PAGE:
The effects of terbacil herbicide on strawberry (Fragaria ×ananassa Duch. `Honeoye') yield and black root rot disease were determined in field plots at two locations in Connecticut over 4 years. Terbacil treatments at up to four times the maximum label dosage caused some temporary foliar chlorosis but did not affect the health of structural or perennial roots and associated feeder roots. Development of secondary root growth (perennial roots) was not influenced by terbacil. Terbacil had no effect on the quantity of lesion nematodes [Pratylenchus penetrans (Cobb) Filip & Schur. Stek.] extracted or the amount of the fungal pathogen Rhizoctonia fragariae Husain and McKeen isolated from strawberry roots. At both locations, R. fragariae was common on plant roots by the fourth year. Terbacil treatments did not affect strawberry yields in terms of number or weight of ripe berries per plot. Our results indicate that terbacil does not contribute to black root rot or decreased yields in `Honeoye' strawberry. Chemical name used: 5-chloro-3-(1,1-dimethylethyl)-6-methyl-2,4-(1H,3H)-pyrimidinedione (terbacil).
Todd L. Mervosh and James A. LaMondia
John F. Ahrens, Larry J. Kuhns, Tracey L. Harpster, and Todd L. Mervosh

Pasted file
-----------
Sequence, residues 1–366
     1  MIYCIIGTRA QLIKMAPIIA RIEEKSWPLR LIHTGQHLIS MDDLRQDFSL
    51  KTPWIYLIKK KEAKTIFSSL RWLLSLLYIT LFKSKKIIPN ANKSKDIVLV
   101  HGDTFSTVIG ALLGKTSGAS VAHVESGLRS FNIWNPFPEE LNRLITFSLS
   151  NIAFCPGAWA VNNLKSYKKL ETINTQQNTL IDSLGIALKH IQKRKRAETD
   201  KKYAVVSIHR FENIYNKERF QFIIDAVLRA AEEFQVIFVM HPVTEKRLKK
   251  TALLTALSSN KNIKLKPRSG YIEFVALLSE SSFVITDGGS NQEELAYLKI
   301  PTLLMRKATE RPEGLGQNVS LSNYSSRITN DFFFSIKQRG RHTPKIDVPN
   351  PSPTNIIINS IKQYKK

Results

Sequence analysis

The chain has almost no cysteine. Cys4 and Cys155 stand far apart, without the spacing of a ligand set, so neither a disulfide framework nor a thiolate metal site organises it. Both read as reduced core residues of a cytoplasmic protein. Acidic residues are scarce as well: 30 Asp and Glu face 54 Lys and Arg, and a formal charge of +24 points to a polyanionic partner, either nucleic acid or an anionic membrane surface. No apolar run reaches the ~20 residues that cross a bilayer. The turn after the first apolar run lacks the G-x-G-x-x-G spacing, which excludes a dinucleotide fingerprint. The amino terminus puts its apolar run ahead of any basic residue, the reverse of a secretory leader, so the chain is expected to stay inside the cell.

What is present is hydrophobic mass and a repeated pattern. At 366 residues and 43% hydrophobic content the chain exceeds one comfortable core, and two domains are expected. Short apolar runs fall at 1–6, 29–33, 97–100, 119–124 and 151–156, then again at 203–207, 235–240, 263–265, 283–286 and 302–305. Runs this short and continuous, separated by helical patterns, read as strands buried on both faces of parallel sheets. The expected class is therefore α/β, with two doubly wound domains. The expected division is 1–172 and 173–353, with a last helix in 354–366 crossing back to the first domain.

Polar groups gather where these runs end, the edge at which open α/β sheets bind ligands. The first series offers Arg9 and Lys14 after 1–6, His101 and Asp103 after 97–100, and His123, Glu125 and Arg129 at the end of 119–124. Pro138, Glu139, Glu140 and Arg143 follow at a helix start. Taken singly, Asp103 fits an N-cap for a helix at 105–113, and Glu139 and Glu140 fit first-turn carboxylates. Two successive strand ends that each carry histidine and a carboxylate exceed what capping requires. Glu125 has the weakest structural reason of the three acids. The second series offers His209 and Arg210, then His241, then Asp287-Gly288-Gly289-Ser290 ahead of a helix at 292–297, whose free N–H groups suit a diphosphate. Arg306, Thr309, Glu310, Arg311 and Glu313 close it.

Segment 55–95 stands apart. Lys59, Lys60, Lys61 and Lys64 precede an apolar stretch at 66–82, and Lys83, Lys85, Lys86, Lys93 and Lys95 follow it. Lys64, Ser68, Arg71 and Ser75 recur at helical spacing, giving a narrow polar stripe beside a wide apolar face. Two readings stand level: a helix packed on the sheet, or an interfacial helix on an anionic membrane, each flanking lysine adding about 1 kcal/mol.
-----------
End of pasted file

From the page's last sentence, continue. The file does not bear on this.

In 1995, Monsanto Chemical Co. announced that they would replace Roundup herbicide with Roundup Pro for use in the ornamentals and turf markets. Both products contain 4 lb a.i./gal glyphosate, but Roundup Pro contains a more-active surfactant. Though Roundup was labeled as a nonselective herbicide, dormant conifers were found to have varying degrees of resistance to it. Directed sprays that hit the lower two-thirds of many dormant conifers became common practice in the industry. Because the surfactant in Roundup Pro increases the activity of the glyphosate, a series of trials were initiated in 1996 in Connecticut, Pennsylvania, and Vermont in which four glyphosate formulations were applied to a variety of dormant conifers. Roundup, Roundup Pro, Glyfos, and Accord (with and without surfactant) were applied either over-the-top or as directed sprays to the lower 18 inches of the plants at rates between 0.5 and 3 lb a.i./acre. Plants treated included globe arborvitae; upright yew; Canadian hemlock; Colorado, Norway and white spruce; Douglas fir; eastern white pine; and balsam, Canaan, and Fraser fir. In a preliminary study, injury to the spruces in the form of dwarfed and chlorotic new growth was primarily associated with fresh pruning wounds. Accord plus surfactant and Roundup Pro injured more spruces than Roundup, but injury was slight. No injury was observed in upright yew with any formulation at rates up to 0.75 lb a.i./acre. Injury to arborvitae was greatest with Accord plus surfactant, intermediate with Roundup Pro, and least with Roundup. Results are inconclusive at this time, but the results of additional studies available early in the next growing season.will be presented.